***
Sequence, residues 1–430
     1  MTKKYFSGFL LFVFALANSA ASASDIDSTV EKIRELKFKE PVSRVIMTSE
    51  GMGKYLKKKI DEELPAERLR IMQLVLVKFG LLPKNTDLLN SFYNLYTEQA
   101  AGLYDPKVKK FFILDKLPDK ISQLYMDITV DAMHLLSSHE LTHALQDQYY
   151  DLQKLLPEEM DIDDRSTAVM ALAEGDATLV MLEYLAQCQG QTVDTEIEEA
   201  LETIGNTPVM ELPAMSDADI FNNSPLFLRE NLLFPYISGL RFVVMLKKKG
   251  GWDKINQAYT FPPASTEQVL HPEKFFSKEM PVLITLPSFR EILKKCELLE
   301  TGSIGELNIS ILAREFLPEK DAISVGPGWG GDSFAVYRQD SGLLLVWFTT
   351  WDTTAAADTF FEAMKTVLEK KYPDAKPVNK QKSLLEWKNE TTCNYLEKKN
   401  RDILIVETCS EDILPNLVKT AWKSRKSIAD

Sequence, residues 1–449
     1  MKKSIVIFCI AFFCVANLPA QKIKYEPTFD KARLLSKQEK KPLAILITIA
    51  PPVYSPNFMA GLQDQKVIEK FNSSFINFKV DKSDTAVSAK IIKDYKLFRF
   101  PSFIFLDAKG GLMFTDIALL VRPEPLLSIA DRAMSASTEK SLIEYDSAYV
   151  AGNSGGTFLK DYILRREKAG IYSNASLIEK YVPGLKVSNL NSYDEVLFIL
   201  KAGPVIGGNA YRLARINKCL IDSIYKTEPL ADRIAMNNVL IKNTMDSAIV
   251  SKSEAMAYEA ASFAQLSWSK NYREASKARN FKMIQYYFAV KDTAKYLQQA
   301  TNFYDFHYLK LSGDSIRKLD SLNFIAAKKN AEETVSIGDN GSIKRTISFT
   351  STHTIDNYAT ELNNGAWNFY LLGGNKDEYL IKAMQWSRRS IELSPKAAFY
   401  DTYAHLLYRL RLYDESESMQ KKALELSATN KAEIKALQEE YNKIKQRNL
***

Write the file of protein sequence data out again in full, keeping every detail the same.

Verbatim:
Sequence, residues 1–430
     1  MTKKYFSGFL LFVFALANSA ASASDIDSTV EKIRELKFKE PVSRVIMTSE
    51  GMGKYLKKKI DEELPAERLR IMQLVLVKFG LLPKNTDLLN SFYNLYTEQA
   101  AGLYDPKVKK FFILDKLPDK ISQLYMDITV DAMHLLSSHE LTHALQDQYY
   151  DLQKLLPEEM DIDDRSTAVM ALAEGDATLV MLEYLAQCQG QTVDTEIEEA
   201  LETIGNTPVM ELPAMSDADI FNNSPLFLRE NLLFPYISGL RFVVMLKKKG
   251  GWDKINQAYT FPPASTEQVL HPEKFFSKEM PVLITLPSFR EILKKCELLE
   301  TGSIGELNIS ILAREFLPEK DAISVGPGWG GDSFAVYRQD SGLLLVWFTT
   351  WDTTAAADTF FEAMKTVLEK KYPDAKPVNK QKSLLEWKNE TTCNYLEKKN
   401  RDILIVETCS EDILPNLVKT AWKSRKSIAD

Sequence, residues 1–449
     1  MKKSIVIFCI AFFCVANLPA QKIKYEPTFD KARLLSKQEK KPLAILITIA
    51  PPVYSPNFMA GLQDQKVIEK FNSSFINFKV DKSDTAVSAK IIKDYKLFRF
   101  PSFIFLDAKG GLMFTDIALL VRPEPLLSIA DRAMSASTEK SLIEYDSAYV
   151  AGNSGGTFLK DYILRREKAG IYSNASLIEK YVPGLKVSNL NSYDEVLFIL
   201  KAGPVIGGNA YRLARINKCL IDSIYKTEPL ADRIAMNNVL IKNTMDSAIV
   251  SKSEAMAYEA ASFAQLSWSK NYREASKARN FKMIQYYFAV KDTAKYLQQA
   301  TNFYDFHYLK LSGDSIRKLD SLNFIAAKKN AEETVSIGDN GSIKRTISFT
   351  STHTIDNYAT ELNNGAWNFY LLGGNKDEYL IKAMQWSRRS IELSPKAAFY
   401  DTYAHLLYRL RLYDESESMQ KKALELSATN KAEIKALQEE YNKIKQRNL